Annals of Surgical Oncology

, Volume 24, Issue 11, pp 3133–3140 | Cite as

Breast-Specific Sensuality and Sexual Function in Cancer Survivorship: Does Surgical Modality Matter?

  • Jennifer S. GassEmail author
  • Michaela Onstad
  • Sarah Pesek
  • Kristin Rojas
  • Sara Fogarty
  • Ashley Stuckey
  • Christina Raker
  • Don S. Dizon
Breast Oncology



More early-staged breast cancer patients are choosing mastectomy. No studies have addressed breast-specific sensuality (BSS), defined as the breast’s role during intimacy. We explored BSS among women undergoing lumpectomy (L), mastectomy alone (M), or with reconstruction (MR) and analyzed the association of surgical modality with sexual function.


Women undergoing breast cancer surgery between 2000 and 2013 were eligible for survey using investigator-generated questions and the Female Sexual Function Index (FSFI). Demographic and surgical data were collected by chart review. The Kruskal–Wallis test was used to analyze FSFI scores, and χ 2 or Fisher’s exact tests were used for categorical data.


Of 453 invited participants, 268 (59%) completed the survey. Of these, 69.4, 22.4, and 8.2% underwent L, MR, or M, respectively. The importance of the breast/chest wall during intimacy declined significantly regardless of surgical modality (L 83–74%, p = 0.0006; M 95–47%, p = 0.003; MR 93–77%, p = 0.002). No difference in sexual function was found between L, MR, and M (median FSFI score 28.2, 27.5, 25.9, respectively; p = 1.0). Comparing L versus MR, higher FSFI scores resulted with appearance satisfaction (29.0 vs. 22.6 p = 0.002) and preserved BSS as pleasurable breast caress (28.8 vs. 26.5, p = 0.04) and the breast as part of intimacy (28.8 vs. 24.8, p = 0.1).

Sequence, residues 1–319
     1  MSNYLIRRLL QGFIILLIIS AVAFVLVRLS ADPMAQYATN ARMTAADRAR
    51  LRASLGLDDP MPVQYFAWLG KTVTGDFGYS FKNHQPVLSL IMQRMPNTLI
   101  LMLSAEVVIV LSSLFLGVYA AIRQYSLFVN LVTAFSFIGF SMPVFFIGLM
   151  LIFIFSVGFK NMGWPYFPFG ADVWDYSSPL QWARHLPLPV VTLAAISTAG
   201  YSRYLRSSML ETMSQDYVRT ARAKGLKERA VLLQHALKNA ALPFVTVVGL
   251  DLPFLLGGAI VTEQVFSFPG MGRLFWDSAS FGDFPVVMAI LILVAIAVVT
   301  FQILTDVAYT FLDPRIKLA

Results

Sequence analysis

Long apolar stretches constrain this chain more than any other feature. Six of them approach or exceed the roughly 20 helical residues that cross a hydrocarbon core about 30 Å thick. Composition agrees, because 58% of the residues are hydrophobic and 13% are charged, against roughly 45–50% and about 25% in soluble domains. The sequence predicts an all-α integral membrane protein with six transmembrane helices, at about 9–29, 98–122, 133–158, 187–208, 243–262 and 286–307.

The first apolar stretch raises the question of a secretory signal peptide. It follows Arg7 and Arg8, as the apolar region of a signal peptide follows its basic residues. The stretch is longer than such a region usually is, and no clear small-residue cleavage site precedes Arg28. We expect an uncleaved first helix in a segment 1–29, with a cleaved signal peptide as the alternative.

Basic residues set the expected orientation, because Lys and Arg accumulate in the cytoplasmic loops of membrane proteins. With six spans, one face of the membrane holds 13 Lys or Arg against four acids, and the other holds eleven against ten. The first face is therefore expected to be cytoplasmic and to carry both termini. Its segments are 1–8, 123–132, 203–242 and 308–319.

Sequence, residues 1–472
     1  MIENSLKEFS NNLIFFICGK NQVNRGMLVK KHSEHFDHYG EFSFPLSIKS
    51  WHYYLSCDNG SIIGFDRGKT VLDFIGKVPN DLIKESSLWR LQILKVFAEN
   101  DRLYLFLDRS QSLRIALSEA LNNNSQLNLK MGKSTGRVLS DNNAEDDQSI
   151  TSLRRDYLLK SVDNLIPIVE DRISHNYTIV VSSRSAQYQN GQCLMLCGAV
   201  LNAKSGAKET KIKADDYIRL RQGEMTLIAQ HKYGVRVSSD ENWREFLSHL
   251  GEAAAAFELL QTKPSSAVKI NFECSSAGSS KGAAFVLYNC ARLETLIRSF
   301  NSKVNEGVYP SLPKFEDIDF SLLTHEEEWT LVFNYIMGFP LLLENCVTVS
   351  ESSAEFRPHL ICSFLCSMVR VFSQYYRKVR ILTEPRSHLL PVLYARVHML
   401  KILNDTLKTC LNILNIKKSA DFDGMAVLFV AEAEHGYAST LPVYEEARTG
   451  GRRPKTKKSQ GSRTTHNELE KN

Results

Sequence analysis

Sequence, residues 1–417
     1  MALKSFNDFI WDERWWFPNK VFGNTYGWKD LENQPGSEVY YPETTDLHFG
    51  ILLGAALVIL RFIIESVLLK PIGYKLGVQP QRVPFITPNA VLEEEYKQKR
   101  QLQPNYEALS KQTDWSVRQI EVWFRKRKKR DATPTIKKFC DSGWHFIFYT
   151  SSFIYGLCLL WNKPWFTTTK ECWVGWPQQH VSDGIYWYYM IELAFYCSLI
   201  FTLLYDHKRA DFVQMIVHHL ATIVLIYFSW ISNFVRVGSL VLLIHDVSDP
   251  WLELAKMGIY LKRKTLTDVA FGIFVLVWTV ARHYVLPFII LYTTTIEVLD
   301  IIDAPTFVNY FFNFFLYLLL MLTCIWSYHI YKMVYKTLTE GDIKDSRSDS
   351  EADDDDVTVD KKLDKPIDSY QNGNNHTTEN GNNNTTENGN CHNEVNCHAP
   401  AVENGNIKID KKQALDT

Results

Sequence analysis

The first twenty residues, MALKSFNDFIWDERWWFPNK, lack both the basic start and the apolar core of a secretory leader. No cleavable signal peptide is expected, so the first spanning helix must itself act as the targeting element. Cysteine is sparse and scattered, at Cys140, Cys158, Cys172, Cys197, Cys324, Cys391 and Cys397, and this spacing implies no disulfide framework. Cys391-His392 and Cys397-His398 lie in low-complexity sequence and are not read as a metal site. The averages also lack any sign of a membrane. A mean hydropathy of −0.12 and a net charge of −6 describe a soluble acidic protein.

Breast cancer surgery is associated with lowered BSS. However, BSS and appearance satisfaction scores are better for L and appear to correlate with improved sexual function postoperatively. These data may guide surgical counseling and contribute to survivorship outcomes.


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Copyright information

© Society of Surgical Oncology 2017

Authors and Affiliations

  • Jennifer S. Gass
    • 1
    • 2
    Email author
  • Michaela Onstad
    • 3
  • Sarah Pesek
    • 4
  • Kristin Rojas
    • 5
  • Sara Fogarty
    • 6
  • Ashley Stuckey
    • 1
    • 7
  • Christina Raker
    • 8
  • Don S. Dizon
    • 9
    • 10
  1. 1.Breast Health CenterWomen and Infants’ HospitalProvidenceUSA
  2. 2.Department of SurgeryBrown University Warren Alpert Medical SchoolProvidenceUSA
  3. 3.Gynecologic OncologyMD Anderson Cancer CenterHoustonUSA
  4. 4.St. Peter’s HospitalSt. Peter’s Health Partners Medical AssociatesAlbanyUSA
  5. 5.Obstetrics and GynecologyWomen and Infants’ HospitalProvidenceUSA
  6. 6.Department of SurgeryGreater Baltimore Medical CenterTowsonUSA
  7. 7.Gynecologic OncologyWomen and Infants HospitalProvidenceUSA
  8. 8.Division of ResearchWomen and Infants’ Hospital of Rhode IslandProvidenceUSA
  9. 9.Gynecologic OncologyMassachusetts General HospitalBostonUSA
  10. 10.Harvard Medical School, MedicineBostonUSA

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